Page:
Food Safety Alerts

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How You Help Rachel’s Family Eat Healthy

(l-r) Cameron, Cody, Reese and Rachel share a moment on their front porch. Rachel suffers from an autoimmune disorder and must follow a strict diet.

3-year-old Reese bounces excitedly when she sees her favorite non-dairy yoghurt at the food pantry. Her mother Rachel smiles. “We are dairy-free, egg-free, and sugar-free,” Rachel explains, “The specialty food items that we need are not in our budget. Reese gets excited when she sees that here.”

Rachel helps her 5-year-old son Cody choose a loaf of gluten-free bread from food pantry shelves. She suffers from an autoimmune disorder that requires her to follow a strict anti-inflammatory diet. After Rachel and her husband Cameron moved to Augusta from Minnesota for Cameron’s Corp of Engineers job, the higher cost of living put the foods she needs out of financial reach.

“It’s more expensive here. Groceries are not taxed in Minnesota, so that was a big change for us. And we used to live in a small town,” Rachel explains. When Rachel can’t follow her diet, she must manage her condition through medication costing over $2,000 per month, straining the family’s resources even further.

That’s when the family found help at Christway Christian Church, also their place of worship. Supplied by donations Golden Harvest Food Bank receives from Sprouts Farmers Market, Christway Christian food pantry can provide vegan, gluten free, and other specialty food items.

“This food has helped our family a lot,” Rachel says. “I can do the bulk of my shopping here. Meat, greens, lunch meat and bread – we get all of that here.”

For Rachel and her family, the food pantry provides acceptance and hope in a difficult situation. “We’ve never used food assistance and it was a little bit tough to admit that we needed help,” she says. “But now it’s a great thing. Friends from church come here too, and we bring our kids so they can play together.”

Getting the food she needs has improved Rachel’s health. “I’ve been off my medicine since December,” she smiles. “If it hadn’t been for the food pantry, I would not be able to follow my diet.”

Mobile Food Pantry Drives Away Hunger

Venicia, mother of two, receives food assistance at a Mobile Food Pantry Summer Market location.

Every summer, Golden Harvest sees an increase in the number of hungry families in need of help. Summer utility bills are higher, and when children don’t receive free breakfast and lunch at school, it’s hard to make food budgets stretch.

This year, the Food Bank reached out to Richmond County Schools with a new plan to help meet the need. A plan to host Golden Harvest’s Mobile Food Pantry at local schools quickly fell into place.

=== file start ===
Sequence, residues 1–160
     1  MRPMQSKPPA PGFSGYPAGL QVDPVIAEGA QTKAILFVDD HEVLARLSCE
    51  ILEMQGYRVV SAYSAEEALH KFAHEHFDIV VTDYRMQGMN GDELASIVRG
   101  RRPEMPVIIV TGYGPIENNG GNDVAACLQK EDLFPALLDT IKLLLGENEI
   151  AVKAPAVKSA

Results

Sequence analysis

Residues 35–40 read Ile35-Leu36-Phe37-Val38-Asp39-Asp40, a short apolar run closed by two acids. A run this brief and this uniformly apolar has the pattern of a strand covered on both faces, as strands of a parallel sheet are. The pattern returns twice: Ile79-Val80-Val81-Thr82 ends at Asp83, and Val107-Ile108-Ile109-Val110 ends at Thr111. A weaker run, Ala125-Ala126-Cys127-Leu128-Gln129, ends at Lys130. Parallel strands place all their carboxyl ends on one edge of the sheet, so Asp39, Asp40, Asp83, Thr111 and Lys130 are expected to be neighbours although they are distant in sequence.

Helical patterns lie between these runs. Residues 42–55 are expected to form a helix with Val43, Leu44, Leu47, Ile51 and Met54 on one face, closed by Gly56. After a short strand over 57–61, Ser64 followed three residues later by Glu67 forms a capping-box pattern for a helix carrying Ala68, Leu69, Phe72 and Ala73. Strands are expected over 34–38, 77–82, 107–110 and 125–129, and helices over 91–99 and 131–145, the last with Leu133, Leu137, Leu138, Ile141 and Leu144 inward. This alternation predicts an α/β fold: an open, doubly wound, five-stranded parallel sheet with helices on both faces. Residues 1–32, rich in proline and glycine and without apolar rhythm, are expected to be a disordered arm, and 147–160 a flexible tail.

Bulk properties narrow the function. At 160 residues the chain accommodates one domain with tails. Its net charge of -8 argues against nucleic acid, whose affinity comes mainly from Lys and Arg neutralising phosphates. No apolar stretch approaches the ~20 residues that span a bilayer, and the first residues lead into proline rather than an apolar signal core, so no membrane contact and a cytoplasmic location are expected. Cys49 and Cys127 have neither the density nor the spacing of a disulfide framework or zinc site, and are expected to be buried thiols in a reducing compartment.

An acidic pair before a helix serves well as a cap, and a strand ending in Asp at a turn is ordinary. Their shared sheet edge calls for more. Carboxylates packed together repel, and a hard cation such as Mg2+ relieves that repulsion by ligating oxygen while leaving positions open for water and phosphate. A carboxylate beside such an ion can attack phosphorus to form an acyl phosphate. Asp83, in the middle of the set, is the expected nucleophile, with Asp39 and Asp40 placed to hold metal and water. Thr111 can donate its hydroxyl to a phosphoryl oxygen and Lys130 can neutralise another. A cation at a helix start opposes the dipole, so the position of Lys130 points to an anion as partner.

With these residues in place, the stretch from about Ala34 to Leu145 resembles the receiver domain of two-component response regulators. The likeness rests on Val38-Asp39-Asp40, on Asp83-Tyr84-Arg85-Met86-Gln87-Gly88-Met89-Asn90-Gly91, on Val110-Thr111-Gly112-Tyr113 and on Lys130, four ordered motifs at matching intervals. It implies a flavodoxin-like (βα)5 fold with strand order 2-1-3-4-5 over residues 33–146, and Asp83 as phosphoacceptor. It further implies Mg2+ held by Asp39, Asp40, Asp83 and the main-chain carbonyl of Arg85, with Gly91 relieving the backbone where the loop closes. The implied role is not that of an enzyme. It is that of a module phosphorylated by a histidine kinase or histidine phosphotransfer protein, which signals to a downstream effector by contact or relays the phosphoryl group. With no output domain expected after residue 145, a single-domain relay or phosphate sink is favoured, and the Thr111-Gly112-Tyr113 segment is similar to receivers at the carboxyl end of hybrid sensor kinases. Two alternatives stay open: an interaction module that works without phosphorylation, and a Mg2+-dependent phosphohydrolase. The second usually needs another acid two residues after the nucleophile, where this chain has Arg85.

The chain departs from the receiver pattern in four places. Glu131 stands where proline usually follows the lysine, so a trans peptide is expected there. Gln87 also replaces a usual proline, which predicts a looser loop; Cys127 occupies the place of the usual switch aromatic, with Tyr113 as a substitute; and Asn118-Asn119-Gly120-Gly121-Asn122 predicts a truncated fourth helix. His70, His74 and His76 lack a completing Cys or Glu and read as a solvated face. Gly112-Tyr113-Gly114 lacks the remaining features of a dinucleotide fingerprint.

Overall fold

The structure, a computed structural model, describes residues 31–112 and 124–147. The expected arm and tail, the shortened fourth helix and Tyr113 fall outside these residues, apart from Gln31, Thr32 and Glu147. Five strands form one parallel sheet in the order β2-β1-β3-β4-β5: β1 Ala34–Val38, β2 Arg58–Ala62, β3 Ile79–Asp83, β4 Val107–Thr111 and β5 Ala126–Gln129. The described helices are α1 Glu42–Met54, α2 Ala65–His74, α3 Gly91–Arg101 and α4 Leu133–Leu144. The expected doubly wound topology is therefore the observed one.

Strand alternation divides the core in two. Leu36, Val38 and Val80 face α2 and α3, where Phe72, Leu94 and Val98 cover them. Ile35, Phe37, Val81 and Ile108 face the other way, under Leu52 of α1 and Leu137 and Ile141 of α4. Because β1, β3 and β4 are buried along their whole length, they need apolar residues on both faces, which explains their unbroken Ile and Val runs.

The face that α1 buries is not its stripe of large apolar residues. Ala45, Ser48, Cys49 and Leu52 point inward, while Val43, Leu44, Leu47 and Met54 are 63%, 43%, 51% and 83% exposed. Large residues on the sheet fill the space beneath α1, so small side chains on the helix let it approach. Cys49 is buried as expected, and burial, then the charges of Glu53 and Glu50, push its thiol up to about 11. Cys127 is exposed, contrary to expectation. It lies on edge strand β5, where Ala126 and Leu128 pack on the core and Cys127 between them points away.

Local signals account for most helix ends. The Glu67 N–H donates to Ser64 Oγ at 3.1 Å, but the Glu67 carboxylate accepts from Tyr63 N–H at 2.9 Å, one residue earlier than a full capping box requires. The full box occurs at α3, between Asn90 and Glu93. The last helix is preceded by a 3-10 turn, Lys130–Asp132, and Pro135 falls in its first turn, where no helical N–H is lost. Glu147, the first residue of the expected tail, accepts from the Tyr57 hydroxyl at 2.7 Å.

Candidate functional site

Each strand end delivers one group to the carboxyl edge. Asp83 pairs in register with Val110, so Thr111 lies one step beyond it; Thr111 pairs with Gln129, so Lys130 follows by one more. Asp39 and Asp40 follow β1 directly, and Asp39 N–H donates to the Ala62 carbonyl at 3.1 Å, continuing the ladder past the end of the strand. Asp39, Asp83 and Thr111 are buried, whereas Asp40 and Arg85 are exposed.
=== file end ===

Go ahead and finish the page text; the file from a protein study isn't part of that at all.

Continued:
Now, twice a week, two refrigerated box trucks loaded with enough food to feed 200+ families pull up to a CSRA elementary school. Volunteers pull foods like fresh milk, fresh fruit, cheese, frozen meats and pantry staples off pallets as families in need line up in their cars.

“The response has been great. Everyone has seemed very thankful,” said Natalie Bracey, Richmond County Schools Wrap Around Program Specialist. “We have a lot of senior citizens; they are raising their grandchildren so it’s really helping them out.“

Every Tuesday at Wilkinson Gardens and Thursday at W.S. Hornsby elementary schools, a line of cars winds around the parking lot and extends into the street. Dozens of cars are already in line an hour before the first box is handed out.

“You know after you pay your rent and your light bill and your water, there’s nothing left to buy food,” said Frank, a 64-year-old Vietnam veteran who gets $14 a month in food stamps. His face lights up when he hears there are pork chops and oranges in this week’s box.

The Mobile Food Pantry events are manned by volunteers willing to brave the summer heat to load vehicles with gallons of milk, bags of frozen fish and boxes of canned vegetables – all to make sure local families don’t go hungry.

“It’s for the kids, really,” says Venicia, a mother of two, before she drives away. “We need the food they’re giving us here. At the end of the day this makes a good, healthy meal.”

Washington County Agency Warms Hearts and Fills Pantries

Food Pantry Director Dorothy Stephens oversees the First Love Kids food distribution in Sandersville, Ga.

On Tuesday, four days before First Love Kids, Inc’s spring food distribution, a Howard Sheppard truck full of food from Golden Harvest Food Bank pulled up to the agency on Hines Street in Sandersville, Ga.